(id. ¶¶ 7, 61-65).
no motion to certify the collective has yet been filed, the
complaint identifies as follows a nationwide collective
plaintiff will seek to certify:
All individuals who worked at any time during the past three
years at any restaurant owned or operated by [d]efendant in
the job position of server and who were paid for their work
on an hourly basis according to the tip credit provisions of
the FLSA, (i.e. an hourly rate less than the
applicable minimum wage, excluding tips).
(Id. ¶ 44.) Because Rafferty alleges that the
claims arise out of willful violations of the FLSA by
Denny's, she alleges that a three-year statute of
limitations applies. (Id. ¶ 45.)
has filed a motion to dismiss. It seeks dismissal for lack of
personal jurisdiction of the FLSA claims of any putative
collective members not arising from employment by Denny's
in Ohio. It also seeks dismissal of Counts Two and Three of
the complaint for failure to state a claim. Each of these
grounds for dismissal is discussed separately herein.
Lack of Personal Jurisdiction (Claims of Nonresidents Arising
Out of non-Ohio Employment)
plaintiff bears the burden of establishing the existence of
personal jurisdiction. Neogen Corp. v. Neo Gen Screening,
Inc., 282 F.3d 883, 887 (6th Cir. 2002). Where the Court
makes a dismissal determination based on the pleadings and
any supporting affidavits, without an evidentiary hearing,
the plaintiff “‘need only make a prima facie
showing of jurisdiction.'” Id. (quoting
CompuServe, Inc. v. Patterson, 89 F.3d 1257, 1262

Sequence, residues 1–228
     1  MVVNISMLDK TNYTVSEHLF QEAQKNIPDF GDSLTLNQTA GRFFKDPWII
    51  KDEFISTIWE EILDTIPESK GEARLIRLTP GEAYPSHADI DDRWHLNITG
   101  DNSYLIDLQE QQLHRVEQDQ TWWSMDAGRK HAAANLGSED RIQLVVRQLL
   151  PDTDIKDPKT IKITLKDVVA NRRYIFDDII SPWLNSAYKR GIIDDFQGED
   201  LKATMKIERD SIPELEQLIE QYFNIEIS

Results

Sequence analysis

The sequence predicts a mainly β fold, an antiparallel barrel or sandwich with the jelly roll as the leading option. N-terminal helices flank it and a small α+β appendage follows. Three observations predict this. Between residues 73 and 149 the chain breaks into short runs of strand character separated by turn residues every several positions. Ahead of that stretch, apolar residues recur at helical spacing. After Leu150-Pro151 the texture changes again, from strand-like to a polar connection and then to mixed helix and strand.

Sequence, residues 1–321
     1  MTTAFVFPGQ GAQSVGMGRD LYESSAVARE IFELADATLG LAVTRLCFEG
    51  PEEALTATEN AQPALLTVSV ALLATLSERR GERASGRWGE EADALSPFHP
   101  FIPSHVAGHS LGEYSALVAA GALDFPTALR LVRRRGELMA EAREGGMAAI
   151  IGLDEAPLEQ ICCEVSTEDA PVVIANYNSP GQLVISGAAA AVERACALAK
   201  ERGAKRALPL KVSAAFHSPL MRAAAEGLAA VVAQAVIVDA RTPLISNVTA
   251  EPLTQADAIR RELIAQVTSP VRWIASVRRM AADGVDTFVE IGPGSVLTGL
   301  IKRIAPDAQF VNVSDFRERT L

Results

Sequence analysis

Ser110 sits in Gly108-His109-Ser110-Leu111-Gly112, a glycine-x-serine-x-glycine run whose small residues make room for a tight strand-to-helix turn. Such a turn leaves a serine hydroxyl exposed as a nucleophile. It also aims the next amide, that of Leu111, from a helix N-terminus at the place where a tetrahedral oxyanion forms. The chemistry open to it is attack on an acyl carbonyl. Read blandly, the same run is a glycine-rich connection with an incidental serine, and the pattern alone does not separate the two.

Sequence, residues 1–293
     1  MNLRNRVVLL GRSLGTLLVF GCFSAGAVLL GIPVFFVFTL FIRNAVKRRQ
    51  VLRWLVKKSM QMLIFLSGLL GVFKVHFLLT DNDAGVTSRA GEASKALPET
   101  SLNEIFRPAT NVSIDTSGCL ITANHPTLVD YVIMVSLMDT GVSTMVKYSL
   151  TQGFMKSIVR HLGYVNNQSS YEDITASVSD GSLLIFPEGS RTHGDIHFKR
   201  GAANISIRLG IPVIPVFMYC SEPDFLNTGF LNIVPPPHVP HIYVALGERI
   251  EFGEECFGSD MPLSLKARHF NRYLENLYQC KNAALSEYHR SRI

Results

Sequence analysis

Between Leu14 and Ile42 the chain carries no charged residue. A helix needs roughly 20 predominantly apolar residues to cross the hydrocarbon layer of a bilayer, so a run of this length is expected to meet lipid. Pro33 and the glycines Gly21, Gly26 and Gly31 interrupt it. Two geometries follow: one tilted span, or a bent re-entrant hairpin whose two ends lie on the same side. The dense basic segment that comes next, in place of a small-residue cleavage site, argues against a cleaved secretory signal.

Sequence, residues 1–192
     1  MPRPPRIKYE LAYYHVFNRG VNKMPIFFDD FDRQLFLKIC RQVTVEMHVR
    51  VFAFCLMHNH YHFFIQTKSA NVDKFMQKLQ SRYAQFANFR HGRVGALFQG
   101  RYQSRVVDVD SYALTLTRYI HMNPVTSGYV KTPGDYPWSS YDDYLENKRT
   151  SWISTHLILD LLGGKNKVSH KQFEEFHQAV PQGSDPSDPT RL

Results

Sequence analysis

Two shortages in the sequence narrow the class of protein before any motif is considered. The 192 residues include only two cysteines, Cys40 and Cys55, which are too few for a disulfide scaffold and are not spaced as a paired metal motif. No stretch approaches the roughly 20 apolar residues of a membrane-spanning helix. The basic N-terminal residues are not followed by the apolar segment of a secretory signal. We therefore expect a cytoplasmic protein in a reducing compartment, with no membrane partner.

(6th Cir. 1996)). The Court must construe the allegations
“in a light most favorable to the plaintiff[.]”
CompuServe, Inc., 89 F.3d at 1262.
as here, subject-matter jurisdiction is based on federal
question alone, but “there is no provision authorizing
nationwide service, federal courts must follow Rule 4(k) of
the Federal Rules of Civil Procedure, which, inter
alia, limits a court's exercise of personal
jurisdiction to persons who can be reached by the forum
state's long-arm statute.” Alisoglu v. Cent.
States Thermo King of Okl., Inc., No.
12-cv-10230, 2012 WL 1666426, at *3 (E.D. Mich. May 11, 2012)
(citing Omni Capital Int'l v. Rudolf Wolff &
Co., 484 U.S. 97, 108, 108 S.Ct. 404, 98 L.Ed.2d 415
Where a federal court's subject matter jurisdiction over
a case stems from the existence of a federal question,
personal jurisdiction over a defendant exists “if the
defendant is amenable to service of process under the [forum]
state's long-arm statute and if the exercise of personal
jurisdiction would not deny the defendant[ ] due
Bird v. Parsons, 289 F.3d 865, 871 (6th Cir.
satisfy due process, a court's exercise of its power over
an out-of-state defendant must “not offend
‘traditional notions of fair play and substantial
justice.'” Int'l Shoe Co. v.
Washington, 326 U.S. 310, 316, 66 S.Ct. 154, 90 L.Ed. 95
(1945) (quoting Milliken v. Meyer, 311 U.S. 457,
463, 61 S.Ct. 339, 85 L.Ed. 278 (1940)). “[T]he
defendant's conduct and connection with the forum State
[must be] such that he should reasonably anticipate being
haled into court there.” World-Wide Volkswagen
Corp. v. Woodson, 444 U.S. 286, 297, 100 S.Ct. 559, 62
L.Ed.2d 490 (1980).
are two types of personal jurisdiction under the Due Process
Clause, general and specific jurisdiction, either one of
which is adequate to confer jurisdiction.” Maclin
v. Reliable ...